News Story

Levin Wins Distinguished Paper Award at USENIX Security Symposium

News

Also see...

Newsroom

News Search

News Archives

Events Calendar

Levin Wins Distinguished Paper Award at USENIX Security Symposium

Dave Levin, an assistant professor of computer science with an appointment in the Maryland Cybersecurity Center (MC2), has received a Distinguished Paper Award at the 2017 USENIX Security Symposium.

The annual symposium—held this year in Vancouver, Canada—brings together researchers, practitioners, system administrators and programmers, and others interested in the latest advances in the security and privacy of computer systems and networks.

A Longitudinal, End-to-End View of the DNSSEC Ecosystem” performs the first large-scale, longitudinal measurement study into how well the Domain Name System’s Security Extensions (DNSSEC) public key infrastructure (PKI) is managed.

DNS is critical to the operation of the internet because it is what converts between names that users can remember (like "umd.edu") to addresses that computers need to communicate (like "128.8.127.9"). DNS’s continued operation is necessary to make the internet usable, and its security is necessary to ensure we are communicating with whom we expect to be, Levin says.

The paper is co-authored by Levin, who collaborated with researchers from Northeastern University, Duke University, the Technical University of Berlin and University of Twente in the Netherlands.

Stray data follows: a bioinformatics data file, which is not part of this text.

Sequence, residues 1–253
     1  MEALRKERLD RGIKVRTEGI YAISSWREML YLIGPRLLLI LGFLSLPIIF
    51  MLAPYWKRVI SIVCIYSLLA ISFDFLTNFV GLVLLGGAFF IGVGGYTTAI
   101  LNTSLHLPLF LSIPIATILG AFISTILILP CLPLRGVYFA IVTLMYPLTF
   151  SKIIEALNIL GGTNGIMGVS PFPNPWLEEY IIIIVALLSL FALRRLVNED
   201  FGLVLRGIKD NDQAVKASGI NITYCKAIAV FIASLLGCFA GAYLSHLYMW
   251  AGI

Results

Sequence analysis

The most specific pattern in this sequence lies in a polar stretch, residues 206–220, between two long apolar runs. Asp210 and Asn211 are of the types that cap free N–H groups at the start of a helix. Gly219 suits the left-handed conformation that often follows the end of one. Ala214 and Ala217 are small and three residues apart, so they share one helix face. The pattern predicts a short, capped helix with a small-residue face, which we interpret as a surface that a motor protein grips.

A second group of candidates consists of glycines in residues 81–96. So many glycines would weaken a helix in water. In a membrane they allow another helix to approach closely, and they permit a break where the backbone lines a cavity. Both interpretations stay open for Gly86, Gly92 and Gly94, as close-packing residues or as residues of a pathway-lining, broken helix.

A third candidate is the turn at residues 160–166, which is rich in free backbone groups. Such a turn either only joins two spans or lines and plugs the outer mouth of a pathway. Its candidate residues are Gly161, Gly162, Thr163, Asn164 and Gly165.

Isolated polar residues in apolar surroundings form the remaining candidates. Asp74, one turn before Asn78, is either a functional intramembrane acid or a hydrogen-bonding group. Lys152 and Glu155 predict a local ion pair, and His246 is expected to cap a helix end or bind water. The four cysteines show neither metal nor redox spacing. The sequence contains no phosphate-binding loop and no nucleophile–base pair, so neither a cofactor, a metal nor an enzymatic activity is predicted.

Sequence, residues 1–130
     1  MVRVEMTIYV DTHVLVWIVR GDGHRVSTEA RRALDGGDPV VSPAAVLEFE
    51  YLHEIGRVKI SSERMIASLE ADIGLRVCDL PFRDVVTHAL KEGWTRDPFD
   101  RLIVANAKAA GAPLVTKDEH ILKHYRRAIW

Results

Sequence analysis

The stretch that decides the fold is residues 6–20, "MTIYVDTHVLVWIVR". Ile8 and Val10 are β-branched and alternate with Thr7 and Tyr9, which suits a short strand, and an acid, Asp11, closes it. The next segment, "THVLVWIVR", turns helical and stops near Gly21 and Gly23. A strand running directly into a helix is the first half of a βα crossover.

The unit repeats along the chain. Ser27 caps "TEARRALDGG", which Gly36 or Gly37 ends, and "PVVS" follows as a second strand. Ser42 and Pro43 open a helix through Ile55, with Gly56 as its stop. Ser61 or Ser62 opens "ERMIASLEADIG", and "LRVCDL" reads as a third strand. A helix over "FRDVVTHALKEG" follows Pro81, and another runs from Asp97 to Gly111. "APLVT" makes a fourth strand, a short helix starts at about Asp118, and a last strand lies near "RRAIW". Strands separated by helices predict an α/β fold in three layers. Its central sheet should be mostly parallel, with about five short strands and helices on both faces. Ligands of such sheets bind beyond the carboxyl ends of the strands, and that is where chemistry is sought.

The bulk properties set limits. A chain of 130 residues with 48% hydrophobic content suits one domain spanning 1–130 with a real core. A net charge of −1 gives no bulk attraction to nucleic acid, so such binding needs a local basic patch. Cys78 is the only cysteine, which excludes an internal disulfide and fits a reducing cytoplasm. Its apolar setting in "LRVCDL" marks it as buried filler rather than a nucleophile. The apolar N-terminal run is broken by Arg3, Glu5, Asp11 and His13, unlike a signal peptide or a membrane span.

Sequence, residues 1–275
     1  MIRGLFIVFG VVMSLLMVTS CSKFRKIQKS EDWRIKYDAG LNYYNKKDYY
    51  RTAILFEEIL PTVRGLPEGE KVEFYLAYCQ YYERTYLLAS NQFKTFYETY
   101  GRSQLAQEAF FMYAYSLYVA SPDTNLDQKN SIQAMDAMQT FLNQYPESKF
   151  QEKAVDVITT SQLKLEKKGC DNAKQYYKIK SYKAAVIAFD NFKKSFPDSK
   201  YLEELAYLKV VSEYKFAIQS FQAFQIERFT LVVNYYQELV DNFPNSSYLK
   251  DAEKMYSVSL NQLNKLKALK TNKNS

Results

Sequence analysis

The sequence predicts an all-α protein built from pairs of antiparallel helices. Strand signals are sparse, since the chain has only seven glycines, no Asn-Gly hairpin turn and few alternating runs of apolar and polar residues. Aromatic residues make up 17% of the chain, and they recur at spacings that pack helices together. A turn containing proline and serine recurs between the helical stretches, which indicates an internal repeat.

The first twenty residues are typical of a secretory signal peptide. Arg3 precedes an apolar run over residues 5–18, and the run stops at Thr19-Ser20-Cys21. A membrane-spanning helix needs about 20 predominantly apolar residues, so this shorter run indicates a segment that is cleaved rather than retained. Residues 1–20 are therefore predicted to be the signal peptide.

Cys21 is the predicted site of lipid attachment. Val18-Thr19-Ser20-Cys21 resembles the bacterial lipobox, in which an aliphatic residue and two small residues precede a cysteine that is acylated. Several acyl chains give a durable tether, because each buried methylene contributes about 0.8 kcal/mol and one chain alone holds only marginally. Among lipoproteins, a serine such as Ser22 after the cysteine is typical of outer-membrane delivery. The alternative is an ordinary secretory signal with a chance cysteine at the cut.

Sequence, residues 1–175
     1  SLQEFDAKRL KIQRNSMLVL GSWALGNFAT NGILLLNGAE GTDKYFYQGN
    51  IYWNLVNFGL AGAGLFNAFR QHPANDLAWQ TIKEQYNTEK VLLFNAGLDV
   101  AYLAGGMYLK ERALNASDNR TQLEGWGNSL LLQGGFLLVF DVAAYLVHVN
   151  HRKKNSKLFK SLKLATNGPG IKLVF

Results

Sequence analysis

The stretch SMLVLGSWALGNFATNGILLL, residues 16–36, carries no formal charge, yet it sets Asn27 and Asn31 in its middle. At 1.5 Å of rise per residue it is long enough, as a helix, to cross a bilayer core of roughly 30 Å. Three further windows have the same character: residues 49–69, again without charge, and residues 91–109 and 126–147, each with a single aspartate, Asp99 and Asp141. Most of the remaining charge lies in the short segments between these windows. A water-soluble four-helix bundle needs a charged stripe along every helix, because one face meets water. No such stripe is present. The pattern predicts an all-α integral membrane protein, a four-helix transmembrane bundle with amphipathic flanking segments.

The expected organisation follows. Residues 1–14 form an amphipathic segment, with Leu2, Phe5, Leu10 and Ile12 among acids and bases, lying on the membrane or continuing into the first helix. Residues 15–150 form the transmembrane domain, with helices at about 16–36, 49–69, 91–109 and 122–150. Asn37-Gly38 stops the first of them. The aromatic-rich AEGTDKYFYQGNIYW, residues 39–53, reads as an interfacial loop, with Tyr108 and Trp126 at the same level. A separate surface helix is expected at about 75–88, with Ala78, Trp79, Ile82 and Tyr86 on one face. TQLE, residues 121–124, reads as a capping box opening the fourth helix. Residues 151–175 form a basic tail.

DNSSEC allow clients and resolvers to verify that DNS responses have not been forged or modified in-flight. It uses a public key infrastructure (PKI) to achieve this integrity, without which users can be subject to a wide range of attacks. But DNSSEC can operate only if each of the principals in its PKI properly performs its management tasks.

The research team’s investigation revealed a pervasive mismanagement of the DNSSEC infrastructure. For example, they found that 31 percent of domains that support DNSSEC fail to publish all relevant records required for validation; 39 percent of the domains use insufficiently strong key-signing keys; and although 82 percent of resolvers in their study request DNSSEC records, only 12 percent actually attempt to validate them.

These results highlight systemic problems, Levin says, which motivate improved automation and auditing of DNSSEC management.

August 16, 2017


Prev   Next

Clark School        UMIACS   CMNS